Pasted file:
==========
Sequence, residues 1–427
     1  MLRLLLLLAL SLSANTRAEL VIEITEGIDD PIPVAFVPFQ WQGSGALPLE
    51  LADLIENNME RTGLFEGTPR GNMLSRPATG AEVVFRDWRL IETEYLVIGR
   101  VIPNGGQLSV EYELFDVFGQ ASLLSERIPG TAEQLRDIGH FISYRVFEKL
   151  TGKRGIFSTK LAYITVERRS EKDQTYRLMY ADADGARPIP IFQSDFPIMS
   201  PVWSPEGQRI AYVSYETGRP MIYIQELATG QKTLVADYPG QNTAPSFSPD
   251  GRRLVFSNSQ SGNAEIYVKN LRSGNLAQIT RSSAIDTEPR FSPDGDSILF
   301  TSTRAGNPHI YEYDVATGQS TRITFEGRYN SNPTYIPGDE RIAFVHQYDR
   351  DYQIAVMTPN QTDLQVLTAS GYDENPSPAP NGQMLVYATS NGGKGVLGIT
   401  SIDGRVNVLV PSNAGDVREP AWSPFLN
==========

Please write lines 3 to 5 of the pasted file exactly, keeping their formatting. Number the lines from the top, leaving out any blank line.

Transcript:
    51  LADLIENNME RTGLFEGTPR GNMLSRPATG AEVVFRDWRL IETEYLVIGR
   101  VIPNGGQLSV EYELFDVFGQ ASLLSERIPG TAEQLRDIGH FISYRVFEKL
   151  TGKRGIFSTK LAYITVERRS EKDQTYRLMY ADADGARPIP IFQSDFPIMS